Social Computing and Product Collaboration “2.0”

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A quick peek into some research on … the use of social computing and “Web 2.0” techniques to enhance product collaboration. The report, Issue in Focus: Product Collaboration 2.0 – Using Social Computing Techniques to Create Corporate Social Networks not only discusses how social media and Internet-based technologies can improve product collaboration in corporate social networks, but also how manufacturers’ use of social computing allows them to capture and leverage the interactions as a new source of corporate product knowledge.

The Research Findings

One of the key messages of the report is that companies are starting to embrace social computing and “Web 2.0” capabilities to take advantage of social media for business purposes, creating “corporate social networks.” It is important for many companies to make a clear distinction between personal use of social media (Facebook, Twitter, MySpace, YouTube, etc.) and “real work” using social computing. While many large companies have shut down access to social media sites, these same concepts offer the ability for engineers, product developers, marketers, manufacturing resources, sourcing, and others in the product innovation process to share and contribute.

There are two primary threads to the research:

  • Improving Collaboration – As reported in my previous post and research Going Social with Product Development, capabilities like presence detection and interactive file sharing help make existing collaborative processes better. This is particularly important to replace the day-to-day “water cooler” conversations that have disappeared in today’s globally dispersed, virtual organizations and support processes such as concurrent engineering. For example, manufacturers can create a virtual “community space” to give team members a central location for information. This collaboration extends beyond Engineering as well, and helps product developers include downstream considerations from Manufacturing, Purchasing, Quality, Service, and other departments early in the design process.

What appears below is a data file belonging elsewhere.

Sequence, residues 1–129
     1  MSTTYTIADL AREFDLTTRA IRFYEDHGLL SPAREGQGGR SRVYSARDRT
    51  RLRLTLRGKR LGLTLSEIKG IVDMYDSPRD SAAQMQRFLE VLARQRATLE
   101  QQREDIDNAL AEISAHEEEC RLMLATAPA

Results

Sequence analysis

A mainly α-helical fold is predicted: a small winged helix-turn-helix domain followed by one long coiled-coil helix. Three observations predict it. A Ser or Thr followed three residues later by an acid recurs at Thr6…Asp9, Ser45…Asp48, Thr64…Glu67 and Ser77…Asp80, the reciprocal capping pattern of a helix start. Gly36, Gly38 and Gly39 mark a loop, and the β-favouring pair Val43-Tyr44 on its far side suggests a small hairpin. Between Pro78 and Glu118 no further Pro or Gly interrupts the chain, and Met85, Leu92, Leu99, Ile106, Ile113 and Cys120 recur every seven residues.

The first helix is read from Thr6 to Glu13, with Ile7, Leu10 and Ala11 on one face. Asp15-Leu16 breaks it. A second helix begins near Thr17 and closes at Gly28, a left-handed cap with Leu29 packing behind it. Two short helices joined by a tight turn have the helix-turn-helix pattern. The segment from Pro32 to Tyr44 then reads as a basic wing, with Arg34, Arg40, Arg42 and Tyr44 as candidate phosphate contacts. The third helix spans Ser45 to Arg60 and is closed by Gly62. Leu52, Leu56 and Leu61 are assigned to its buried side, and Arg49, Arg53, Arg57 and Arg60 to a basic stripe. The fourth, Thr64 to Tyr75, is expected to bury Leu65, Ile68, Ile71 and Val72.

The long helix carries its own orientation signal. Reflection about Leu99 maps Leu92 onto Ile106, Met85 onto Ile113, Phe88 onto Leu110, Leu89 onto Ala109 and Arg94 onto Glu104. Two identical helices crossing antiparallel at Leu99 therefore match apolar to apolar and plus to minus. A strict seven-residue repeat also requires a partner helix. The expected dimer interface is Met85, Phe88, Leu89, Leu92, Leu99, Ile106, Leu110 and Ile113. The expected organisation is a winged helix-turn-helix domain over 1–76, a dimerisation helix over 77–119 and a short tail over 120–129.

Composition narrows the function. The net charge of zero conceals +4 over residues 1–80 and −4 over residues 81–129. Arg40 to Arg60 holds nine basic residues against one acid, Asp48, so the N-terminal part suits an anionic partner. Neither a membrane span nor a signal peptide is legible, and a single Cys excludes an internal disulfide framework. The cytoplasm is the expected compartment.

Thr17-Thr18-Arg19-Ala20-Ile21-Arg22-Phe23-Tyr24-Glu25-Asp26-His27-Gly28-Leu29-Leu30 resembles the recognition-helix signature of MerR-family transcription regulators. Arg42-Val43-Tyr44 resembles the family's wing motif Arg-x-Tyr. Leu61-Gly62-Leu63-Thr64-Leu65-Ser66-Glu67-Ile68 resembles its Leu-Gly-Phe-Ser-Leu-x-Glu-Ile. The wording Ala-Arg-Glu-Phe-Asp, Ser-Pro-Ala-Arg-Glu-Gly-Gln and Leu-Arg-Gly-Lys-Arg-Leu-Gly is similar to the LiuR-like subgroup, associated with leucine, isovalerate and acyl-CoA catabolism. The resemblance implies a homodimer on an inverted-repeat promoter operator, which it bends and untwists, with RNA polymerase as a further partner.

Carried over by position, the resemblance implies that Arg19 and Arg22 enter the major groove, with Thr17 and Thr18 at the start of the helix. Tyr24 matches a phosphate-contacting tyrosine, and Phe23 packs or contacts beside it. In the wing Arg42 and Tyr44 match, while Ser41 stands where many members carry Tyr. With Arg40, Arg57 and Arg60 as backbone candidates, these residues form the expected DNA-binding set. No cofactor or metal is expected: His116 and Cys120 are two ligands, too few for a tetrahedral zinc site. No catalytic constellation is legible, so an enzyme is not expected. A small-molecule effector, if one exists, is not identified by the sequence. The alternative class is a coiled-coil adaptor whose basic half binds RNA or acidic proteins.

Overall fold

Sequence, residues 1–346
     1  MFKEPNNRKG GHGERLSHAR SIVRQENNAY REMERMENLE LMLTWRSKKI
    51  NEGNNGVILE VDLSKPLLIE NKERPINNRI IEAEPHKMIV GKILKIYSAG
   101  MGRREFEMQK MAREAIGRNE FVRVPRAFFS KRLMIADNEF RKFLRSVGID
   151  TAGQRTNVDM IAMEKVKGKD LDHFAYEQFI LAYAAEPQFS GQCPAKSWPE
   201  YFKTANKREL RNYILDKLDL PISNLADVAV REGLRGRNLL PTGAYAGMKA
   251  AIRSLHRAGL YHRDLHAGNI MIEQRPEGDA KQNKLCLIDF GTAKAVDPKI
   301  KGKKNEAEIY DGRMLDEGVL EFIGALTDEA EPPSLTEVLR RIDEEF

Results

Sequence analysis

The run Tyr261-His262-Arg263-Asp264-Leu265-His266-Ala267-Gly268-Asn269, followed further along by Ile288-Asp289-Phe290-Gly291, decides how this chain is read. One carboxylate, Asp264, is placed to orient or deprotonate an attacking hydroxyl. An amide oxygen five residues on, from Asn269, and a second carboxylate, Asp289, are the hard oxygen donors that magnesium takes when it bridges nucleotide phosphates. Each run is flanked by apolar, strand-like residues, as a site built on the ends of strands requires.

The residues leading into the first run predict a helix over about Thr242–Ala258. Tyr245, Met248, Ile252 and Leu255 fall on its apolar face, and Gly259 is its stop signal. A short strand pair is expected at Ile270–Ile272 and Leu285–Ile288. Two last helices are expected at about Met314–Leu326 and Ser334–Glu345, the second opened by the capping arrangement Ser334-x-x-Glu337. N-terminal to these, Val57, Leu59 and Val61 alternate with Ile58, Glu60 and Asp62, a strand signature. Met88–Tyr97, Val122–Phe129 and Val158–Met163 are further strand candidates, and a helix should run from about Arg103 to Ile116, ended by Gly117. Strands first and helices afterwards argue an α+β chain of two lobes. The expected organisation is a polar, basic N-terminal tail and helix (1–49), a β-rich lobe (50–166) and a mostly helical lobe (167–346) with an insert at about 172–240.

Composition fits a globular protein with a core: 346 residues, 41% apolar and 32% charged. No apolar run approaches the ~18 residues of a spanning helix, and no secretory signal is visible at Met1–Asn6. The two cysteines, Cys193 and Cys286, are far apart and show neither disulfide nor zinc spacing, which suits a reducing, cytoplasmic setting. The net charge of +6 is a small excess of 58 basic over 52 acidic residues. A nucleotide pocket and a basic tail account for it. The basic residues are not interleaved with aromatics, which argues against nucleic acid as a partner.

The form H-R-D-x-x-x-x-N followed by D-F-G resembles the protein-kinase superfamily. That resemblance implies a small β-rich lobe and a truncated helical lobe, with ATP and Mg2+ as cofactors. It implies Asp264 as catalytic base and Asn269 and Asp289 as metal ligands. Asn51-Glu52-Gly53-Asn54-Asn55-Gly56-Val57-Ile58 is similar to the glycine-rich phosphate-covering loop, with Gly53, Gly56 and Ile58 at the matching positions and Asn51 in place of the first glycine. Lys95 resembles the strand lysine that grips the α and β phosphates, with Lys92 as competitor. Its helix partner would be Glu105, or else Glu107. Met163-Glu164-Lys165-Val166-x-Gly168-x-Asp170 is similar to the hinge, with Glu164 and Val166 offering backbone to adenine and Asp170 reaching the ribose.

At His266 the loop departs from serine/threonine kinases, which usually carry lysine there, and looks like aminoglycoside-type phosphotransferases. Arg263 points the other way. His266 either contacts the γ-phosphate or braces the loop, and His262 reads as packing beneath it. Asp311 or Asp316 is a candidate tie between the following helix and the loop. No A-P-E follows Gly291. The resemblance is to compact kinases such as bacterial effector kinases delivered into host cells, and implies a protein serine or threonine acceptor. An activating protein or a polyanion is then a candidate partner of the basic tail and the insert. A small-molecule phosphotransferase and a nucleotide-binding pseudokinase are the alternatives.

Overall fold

• Capturing Product Knowledge – Another key finding of the research is that as manufacturers adopt social computing in PLM, they are developing a digital record of the product development process. Decisions, discussions, false starts, brainstorms, and other interactions can now be captured and stored electronically. Using PLM, they can also be associated to the product and the project to form a permanent record of the process. By integrating this social interaction with search capabilities in PLM (see Unlock My Product Data! Business Intelligence in PLM), the potential to turn collaboration into a corporate asset is tremendous. Beyond capturing internal knowledge, corporate social networks can also be used to collaborate with suppliers and customers to gain better insights into the “voice of the customer,” capture requirements, and generate new product ideas – developing new knowledge and intellectual property (IP).

Implications for Manufacturers

There are significant business benefits to be unlocked by applying social computing techniques to product development. Manufacturers have an opportunity to improve collaboration inside and outside of the enterprise by leveraging these new techniques. After all, social computing is about sharing content within a community. Isn’t that what collaboration is all about? Sharing and getting feedback? And while the thought of using Facebook or Twitter to share your intellectual property may not sound that appealing (as we discussed in Flogging the Facebook for Product Development Horse), the same concepts are being applied to (and integrated with) PLM.  I believe that these capabilities will be a big part of product innovation moving forward, and that companies that get started sooner will have a big advantage over their peers. This is a new and exciting frontier, and we all need to explore and learn so we can tap the new potential ahead of the competition.

So that was a quick peek into some recent research on social computing and collaboration, I hope you found it interesting. Does the research reflect your experiences? Do you see it differently? What are your plans? Let us know what it looks like from your perspective.

And as always, please feel free to review more free research and white papers about PLM and other enterprise software for manufacturers from Tech-Clarity.

SPEAK YOUR MIND

  1. Interesting read Jim. You are absolutely correct that capturing product knowledge in a “social” manner in PLM is important for product development. This type of knowledge sharing opens up a new line of communication and captures that “hallway discussion/dialogue” that may not always get shared but can certainly provide some good data. We are finding that our customers are benefiting from this type of information sharing by being able to capture this additional data within Omnify and tie it to the product record (like you referenced above). This gives customers even more visibility into product information that will help to improve their product development, product quality, timelines, etc…

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